Highlighting the Sweetest Moments in Vance Joy’s ‘Nation of Two’

Nation of Two - Vance Joy album art
Vance Joy’s sophomore album, Nation of Two, gives us the gift of getting to know Joy just a little more, providing a soundtrack of love that makes us feel at home.

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Released February 2018, Vance Joy’s sophomore album Nation of Two (Atlantic Records) is a compilation of mini love letters about being there for the ones you love, no matter what. Filled with unique cadences and pithy rhythms, signature snares and the ukulele that made him famous, Nation of Two gives us everything we want from Joy, and then more.

Below are highlights from Nation of Two, but the whole album, from start to finish, is more than worth a listen.

Vance Joy © Justin Bettman


Call If You Need Me

The leading track off the album is subtle power ballad that should not be lost after first listen. The running verses are broken up by swells of hymns similar to those you hear in Edward Sharpe and the Magnetic Zeros songs. The gentle plucks of the guitar are dramatic and relaxing at the same time, setting up the stage for what the album has to offer. His voice starts low and shaky in that Vance Joy way, slowly building up octave by octave to strong, clear, and crisp.  The lyrics express the unconditional love Joy often leans towards. A sweet ode to always being there for the ones you love, which is really, what this album is all about.

Loved you in the darkness
and I loved you in fluorescent light


We’re Going Home

“We’re going home” is as sweet and sultry as he comes. Delicate guitar chords accompanied by his shakily stable voice set the mood for, possibly, his most touching song to date. It quickly turns from sweet and soft with the anthemic chorus,

We’re going home,
If we make it or we don’t,
we won’t be alone
When I see your light shine
I know I’m home
If you’re waiting all your life
you won’t ever go
When I see your light shine
I know I’m home

The song captures the feeling of going home. How it’s not about the physical place, but more so about the people that have made it your home. Something incredibly difficult to do by any means; but with Joys building acoustics, bellowing accompaniments, and powerfully sincere voice, he does just so in, “We’re Going Home.”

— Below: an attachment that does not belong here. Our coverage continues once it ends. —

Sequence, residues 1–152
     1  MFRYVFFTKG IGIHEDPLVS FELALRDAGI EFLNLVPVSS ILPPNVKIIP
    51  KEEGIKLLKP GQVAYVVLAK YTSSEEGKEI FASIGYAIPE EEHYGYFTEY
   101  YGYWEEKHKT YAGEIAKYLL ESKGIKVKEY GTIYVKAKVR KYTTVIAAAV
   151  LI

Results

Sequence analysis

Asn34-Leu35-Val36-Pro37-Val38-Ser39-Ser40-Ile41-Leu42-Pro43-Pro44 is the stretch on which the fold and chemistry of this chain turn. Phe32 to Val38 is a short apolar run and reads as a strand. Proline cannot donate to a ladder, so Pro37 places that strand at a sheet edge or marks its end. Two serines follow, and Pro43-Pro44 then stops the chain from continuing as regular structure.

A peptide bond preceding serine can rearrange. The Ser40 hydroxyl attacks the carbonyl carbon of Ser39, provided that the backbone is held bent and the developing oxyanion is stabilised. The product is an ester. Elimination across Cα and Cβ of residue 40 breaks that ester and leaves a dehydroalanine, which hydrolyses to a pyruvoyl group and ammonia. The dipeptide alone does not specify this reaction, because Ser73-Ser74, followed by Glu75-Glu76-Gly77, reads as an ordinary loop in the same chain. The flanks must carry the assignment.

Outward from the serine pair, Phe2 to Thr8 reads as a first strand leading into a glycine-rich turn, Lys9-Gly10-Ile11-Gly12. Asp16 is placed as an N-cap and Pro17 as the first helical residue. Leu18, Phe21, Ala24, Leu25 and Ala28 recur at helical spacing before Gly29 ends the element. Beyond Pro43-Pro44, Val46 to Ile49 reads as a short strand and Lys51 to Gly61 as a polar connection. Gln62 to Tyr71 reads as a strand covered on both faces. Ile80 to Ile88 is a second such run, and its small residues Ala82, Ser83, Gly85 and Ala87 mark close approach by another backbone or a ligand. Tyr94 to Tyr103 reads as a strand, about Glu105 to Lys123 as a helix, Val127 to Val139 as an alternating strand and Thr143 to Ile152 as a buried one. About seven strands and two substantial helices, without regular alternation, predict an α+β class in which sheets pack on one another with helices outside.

Alone with Me

Alone With Me contains the catchiest lyric of the album. The sentence repeated in the chorus rolls so effortlessly off the tongue matching the meaning of its lyrics. “Everything’s good everything’s just as it should be when you’re alone with me.” The cadences created by Joy in this album is one strong factor that set’s it apart from his first. The effort that went into creating different ways to sing through the strums on his guitar is evident and clear. The uniqueness is not lost on the ears, which is why we keep coming back for more. The over 4- minute ballad is smack dag in the album, a perfectly placed representation of the growth in his artistry.


I’m with You

“I’m with You” contains the same cadence-y flow of “Alone with Me,” but of course, in a different way.

I saw you standing there
Sandy blonde hair, the way it came tumbling down
Just like a waterfall
And if you need a light
I’ll be the match to your candle
My darling, I’m ready, to burst into flames for you

I’m with you is slow and steady. Plucked chords and steady vocals take us on a journey. The peacefully pleasant song with have you feeling just a little bit lighter, and little more at ease by the end.


Take Your Time

“Take Your Time” has the energy of hits from the past like “Mess is Mine” and “First Time” while still bringing its own unique twist of pleasantry to the love song. It’s the sweet and romantic notion that once you’ve found the one, you can take your time. Take your time falling in love, take your time enjoying every little moment (even the moments you are apart), take your time with them in this life you’re now, inevitably, going to live together. Musically, the entire song is a build as if it’s taking its time (yes, pun intended) to get to the finish. Verse one begins with true to form pulsing bass drum and steady guitar chords. Soft and angelic harmonies and a snappy snare introduce verse two. It’s not until after the bridge, where everything is broken down, that horns and powerful harmonies are brought in to take it home. Another sweet masterpiece by Mr. Joy.


Nation of Two is full of little gifts. “Like Gold” and “Saturday Sun” are clear hits, while sleepers like “Little Boy” and “Bonnie and Clyde” will surprisingly sneak up on you as favorites. Give Vance Joy’s new record a listen and check him out on tour this year – his live shows offer passionate performances of his songs with stories as sweet and kind as you’d imagine to break them up.

If Nation of Two confirms anything, it is that Vance Joy is a true artist who should not, and will not, be missed.

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:: stream/purchase Nation of Two here ::

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Mitch is the Editor-in-Chief of Atwood Magazine and a 2014 graduate from Tufts University, where he pursued his passions of music and psychology. He currently works at Universal Music Group in New York City. In his off hours, Mitch may be found songwriting, wandering about one of New York's many neighborhoods, or writing an article on your next favorite artist for Atwood. Mitch's words of wisdom to fellow musicians and music lovers are thus: Keep your eyes open and never stop exploring. No matter where you go, what you do or who you are with, you can always learn something new and inspire something amazing. Say hi here: mitch[at]atwoodmagazine[dot]com